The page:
Last summer, the charges and I visited the Quiet Man's parents in upstate New York for a one night stop over, on the way home from Nantucket Island. A family friend, Kathy, popped by for a chat. She's the kind of friend that only knows how to say nice things and really listens when you talk, the kind of friend who brings you superlative poundcake when she knows you are about to start a cross country road trip. Kathy buys her poundcake from a woman in Rochester, New York, who has a top secret recipe that she used to finance something impressive, only I can't remember what it was, exactly. College education? Daughter's wedding? Foreclosure Rescue? That's the kind of poundcake this is. I'd never really mooned over poundcake before this one, so I initially delined a bite. But Kathy persisted because this poundcake wasn't just for tasting, this poundcake was for recipe code-cracking. After one bite, the game was afoot. We ate this poundcake in paper thin slices across Ohio, through the cornfields of Illinois. Every time I took a bite, I crumpled up my eyebrows and closed my eyes, questioning the secret make up. Buttermilk? Sour Cream? Lemon Jello? Why was this poundcake so doggone good? When we finally made it back to Utah, it was the first thing that I baked. I baked pound cakes all summer long. All of them were good, but none of them were right. I was feeling discouraged. (Chubby, too.) I set it aside for a season, almost admitting defeat. If you're going to have an Achillies Heal, it ought to be one as delicious as this pound cake. Last month, I began again in earnest. This time I cracked the case. I'm almost trembling to share it with you. Scan the ingredient list and you won't find anything unusual. Aren't most of your best recipes like that? It's not the odd ingredient that makes them special, but the perfect combination of your reliable first-string baking players. The outside of the poundcake is sweet and lemony, with a crisp exterior from the lemon glaze. The inside is moist and dense with a tight crumb and the unmistakable flavor of sweet, fresh butter. It isn't cloyingly sweet, thanks to the generous addition of tangy sour cream. I hope you'll find it to be just perfect. Print out this recipe, because it won't be sticking around here for long. It'll be off my blog by Monday morning, back into the secret files to be used in the future for my cookbook that I'm always writing, but never finishing. For now, it's yours for the baking. Enjoy!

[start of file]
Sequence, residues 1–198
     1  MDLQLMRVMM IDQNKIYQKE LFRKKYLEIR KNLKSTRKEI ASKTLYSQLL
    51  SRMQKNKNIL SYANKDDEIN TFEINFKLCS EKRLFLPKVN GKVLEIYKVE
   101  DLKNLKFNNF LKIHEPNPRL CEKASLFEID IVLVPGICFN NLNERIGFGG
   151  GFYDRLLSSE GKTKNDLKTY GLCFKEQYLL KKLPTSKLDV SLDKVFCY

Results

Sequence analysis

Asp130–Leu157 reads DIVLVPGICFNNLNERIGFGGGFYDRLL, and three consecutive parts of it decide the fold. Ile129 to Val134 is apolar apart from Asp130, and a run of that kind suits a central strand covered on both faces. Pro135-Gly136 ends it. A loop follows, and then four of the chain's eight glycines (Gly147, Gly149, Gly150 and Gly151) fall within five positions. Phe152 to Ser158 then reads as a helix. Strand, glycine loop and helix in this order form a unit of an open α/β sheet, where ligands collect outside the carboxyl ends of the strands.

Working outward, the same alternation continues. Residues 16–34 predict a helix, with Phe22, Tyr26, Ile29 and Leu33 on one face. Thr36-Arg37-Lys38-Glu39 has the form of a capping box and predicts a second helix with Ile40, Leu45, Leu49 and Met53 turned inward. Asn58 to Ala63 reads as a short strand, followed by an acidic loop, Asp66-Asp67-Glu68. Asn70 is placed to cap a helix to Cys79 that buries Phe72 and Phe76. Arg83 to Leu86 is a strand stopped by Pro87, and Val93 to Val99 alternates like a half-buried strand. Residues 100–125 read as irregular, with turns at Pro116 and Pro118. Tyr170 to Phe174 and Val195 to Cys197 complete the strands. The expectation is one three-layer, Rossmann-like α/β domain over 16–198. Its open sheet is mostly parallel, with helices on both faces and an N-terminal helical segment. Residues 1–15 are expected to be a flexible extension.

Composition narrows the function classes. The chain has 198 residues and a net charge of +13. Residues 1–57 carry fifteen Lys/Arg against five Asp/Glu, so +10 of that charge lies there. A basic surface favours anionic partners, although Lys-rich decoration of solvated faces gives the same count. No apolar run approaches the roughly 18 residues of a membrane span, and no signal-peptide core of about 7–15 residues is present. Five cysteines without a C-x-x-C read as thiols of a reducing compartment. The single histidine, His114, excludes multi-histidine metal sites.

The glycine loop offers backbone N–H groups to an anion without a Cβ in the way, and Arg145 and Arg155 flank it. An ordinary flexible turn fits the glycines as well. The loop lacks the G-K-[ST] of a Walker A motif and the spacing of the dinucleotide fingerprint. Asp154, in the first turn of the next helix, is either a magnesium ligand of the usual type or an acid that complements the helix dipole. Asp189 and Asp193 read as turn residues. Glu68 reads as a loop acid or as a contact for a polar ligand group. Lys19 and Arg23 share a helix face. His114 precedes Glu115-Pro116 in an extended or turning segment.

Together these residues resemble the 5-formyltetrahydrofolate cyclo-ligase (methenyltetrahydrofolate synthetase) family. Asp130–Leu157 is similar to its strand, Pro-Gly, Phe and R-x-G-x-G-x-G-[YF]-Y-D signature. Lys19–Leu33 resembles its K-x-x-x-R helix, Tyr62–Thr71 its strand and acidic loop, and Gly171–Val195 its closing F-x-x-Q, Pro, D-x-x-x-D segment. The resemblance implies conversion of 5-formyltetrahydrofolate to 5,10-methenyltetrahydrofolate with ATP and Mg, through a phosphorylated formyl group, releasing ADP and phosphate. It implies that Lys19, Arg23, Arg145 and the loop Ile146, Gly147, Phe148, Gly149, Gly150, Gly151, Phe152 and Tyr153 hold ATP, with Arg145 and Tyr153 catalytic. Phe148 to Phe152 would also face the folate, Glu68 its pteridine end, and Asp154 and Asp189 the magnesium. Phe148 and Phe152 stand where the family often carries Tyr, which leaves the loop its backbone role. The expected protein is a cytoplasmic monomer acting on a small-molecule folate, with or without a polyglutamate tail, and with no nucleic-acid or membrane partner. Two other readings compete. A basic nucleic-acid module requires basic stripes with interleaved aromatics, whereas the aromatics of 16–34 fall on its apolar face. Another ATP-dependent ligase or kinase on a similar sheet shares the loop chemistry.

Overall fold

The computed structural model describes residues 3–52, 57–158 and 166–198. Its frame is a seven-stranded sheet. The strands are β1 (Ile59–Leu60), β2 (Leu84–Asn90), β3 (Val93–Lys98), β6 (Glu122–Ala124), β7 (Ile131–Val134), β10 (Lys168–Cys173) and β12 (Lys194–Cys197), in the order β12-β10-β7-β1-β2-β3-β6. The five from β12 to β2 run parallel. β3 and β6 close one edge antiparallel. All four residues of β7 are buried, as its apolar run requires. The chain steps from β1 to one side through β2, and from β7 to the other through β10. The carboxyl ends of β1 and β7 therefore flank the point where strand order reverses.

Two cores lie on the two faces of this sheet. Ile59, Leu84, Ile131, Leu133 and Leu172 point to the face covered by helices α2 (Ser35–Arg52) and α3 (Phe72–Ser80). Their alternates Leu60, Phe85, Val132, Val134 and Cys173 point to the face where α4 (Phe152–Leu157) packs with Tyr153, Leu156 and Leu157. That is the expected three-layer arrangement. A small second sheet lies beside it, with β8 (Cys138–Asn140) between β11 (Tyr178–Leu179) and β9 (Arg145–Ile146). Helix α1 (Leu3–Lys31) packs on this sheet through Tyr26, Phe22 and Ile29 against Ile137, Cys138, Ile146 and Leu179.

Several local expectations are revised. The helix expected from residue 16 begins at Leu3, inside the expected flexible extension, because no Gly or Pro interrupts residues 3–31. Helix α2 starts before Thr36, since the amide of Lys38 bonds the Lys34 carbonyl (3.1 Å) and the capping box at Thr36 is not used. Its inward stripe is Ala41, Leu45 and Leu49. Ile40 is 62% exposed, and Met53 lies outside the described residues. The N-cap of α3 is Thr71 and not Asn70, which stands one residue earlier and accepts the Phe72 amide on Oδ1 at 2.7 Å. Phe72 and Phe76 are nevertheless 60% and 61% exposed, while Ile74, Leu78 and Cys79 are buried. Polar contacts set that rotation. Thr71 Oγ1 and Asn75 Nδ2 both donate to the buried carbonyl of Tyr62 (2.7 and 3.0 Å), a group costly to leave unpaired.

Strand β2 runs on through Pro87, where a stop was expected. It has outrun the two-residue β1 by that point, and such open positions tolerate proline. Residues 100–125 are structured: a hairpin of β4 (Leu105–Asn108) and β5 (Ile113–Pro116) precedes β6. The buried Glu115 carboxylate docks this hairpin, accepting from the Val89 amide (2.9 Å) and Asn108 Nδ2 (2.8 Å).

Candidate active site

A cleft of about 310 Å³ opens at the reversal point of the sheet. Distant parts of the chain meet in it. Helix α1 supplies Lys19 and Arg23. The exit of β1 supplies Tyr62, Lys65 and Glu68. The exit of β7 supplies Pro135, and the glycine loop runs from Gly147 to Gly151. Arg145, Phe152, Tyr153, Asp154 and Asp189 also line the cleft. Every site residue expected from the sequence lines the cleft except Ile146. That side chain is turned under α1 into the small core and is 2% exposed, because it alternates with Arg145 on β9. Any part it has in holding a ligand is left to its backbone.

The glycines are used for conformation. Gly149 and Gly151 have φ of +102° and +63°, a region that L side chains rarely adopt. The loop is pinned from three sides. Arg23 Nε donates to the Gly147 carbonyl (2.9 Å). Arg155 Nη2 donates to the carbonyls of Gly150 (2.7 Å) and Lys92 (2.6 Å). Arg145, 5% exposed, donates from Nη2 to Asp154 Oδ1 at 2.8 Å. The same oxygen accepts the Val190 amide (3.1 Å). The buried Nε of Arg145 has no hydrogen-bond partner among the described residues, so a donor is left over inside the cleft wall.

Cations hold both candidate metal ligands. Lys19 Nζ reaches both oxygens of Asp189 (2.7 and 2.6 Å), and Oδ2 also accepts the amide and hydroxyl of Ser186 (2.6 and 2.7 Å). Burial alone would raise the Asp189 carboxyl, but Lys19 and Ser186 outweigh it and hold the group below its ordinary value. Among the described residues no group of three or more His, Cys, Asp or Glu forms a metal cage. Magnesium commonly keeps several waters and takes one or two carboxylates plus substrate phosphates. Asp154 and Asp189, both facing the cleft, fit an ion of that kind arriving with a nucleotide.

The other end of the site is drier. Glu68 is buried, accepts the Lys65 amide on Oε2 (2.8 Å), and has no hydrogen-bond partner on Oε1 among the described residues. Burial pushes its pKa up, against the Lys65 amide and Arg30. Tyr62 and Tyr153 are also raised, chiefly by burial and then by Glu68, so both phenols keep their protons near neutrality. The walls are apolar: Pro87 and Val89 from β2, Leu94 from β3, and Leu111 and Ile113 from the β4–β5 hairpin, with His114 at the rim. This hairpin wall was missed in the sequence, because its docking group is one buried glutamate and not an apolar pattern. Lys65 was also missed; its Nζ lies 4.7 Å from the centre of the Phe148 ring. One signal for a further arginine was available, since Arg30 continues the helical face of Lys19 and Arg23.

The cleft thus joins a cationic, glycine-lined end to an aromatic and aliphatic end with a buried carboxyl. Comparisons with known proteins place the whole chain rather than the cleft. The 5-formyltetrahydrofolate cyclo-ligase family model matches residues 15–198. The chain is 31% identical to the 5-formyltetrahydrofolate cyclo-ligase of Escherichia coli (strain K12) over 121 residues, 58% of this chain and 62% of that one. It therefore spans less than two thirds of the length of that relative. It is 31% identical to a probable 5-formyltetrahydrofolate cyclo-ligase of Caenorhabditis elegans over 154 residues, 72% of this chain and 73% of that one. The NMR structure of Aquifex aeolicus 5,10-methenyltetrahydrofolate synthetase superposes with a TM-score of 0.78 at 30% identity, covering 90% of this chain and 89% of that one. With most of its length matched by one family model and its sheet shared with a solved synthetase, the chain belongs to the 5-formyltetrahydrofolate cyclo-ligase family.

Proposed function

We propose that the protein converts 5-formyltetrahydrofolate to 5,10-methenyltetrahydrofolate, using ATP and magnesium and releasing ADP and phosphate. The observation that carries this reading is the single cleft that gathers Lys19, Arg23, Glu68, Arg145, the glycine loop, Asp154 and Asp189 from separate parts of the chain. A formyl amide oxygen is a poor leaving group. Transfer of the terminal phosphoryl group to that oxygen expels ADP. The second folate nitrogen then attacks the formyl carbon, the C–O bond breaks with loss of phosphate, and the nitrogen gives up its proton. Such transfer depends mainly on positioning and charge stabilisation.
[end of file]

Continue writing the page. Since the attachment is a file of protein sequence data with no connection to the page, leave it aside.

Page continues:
PS Pass it on. Send your friends, relatives, dog sitters, and strangers on over!
Perfect Pound Cake
Notes: This is at its best a day after it is baked. I always cave in and eat a little warm, but since you probably have more will power than I do, try to wait.
Estimated Cost: $4.00 for one loaf
Bye, Bye recipe... You'll be back soon.
The boys are on a chess kick lately, so they ate theirs around this board, built by the Quiet Man.
Next Up:
National Cornbread Festival in South Pittsburg, Tennessee
and my Crunchtastic Chicken Chipotle Cornbread recipe

Wednesday, April 21, 2010

Itty Bitty Biscuits and Sweet Cherry Barbecue Chicken

Post Edit:
My poundcake recipe will be up and ready, bright and early tomorrow morning. Get it while it's hot!I was on hiatus from cooking this weekend, since we had two family birthdays (my niece Annie Laurie, and my mom, Barbara Ann) and two consecutive nights in restaurants. I'm one of those people that would weigh approximately 2 and 1/2 tons if I ate out every night. If someone puts food out in front of me, by golly, I feel duty bound to eat it all. For Mom's birthday, we spent about 3 hours, eating course after course, starting with mini sliders, and ending with birthday cake and sugared donuts with jam and pastry cream. But still, the highlight of the night was non edible. My Dad suprised my Mom with a new violin. She doesn't play the violin, but she likes collecting instruments to fiddle around on (ha!) and for all of her visiting grandchildren. Sailor pulled out my Mom's new violin and played the obligatory Happy Birthday and a couple of rousing rounds of "For She's a Jolly Good Fellow." Excuse us for our merry revelry, if you happened to be at a neighboring table.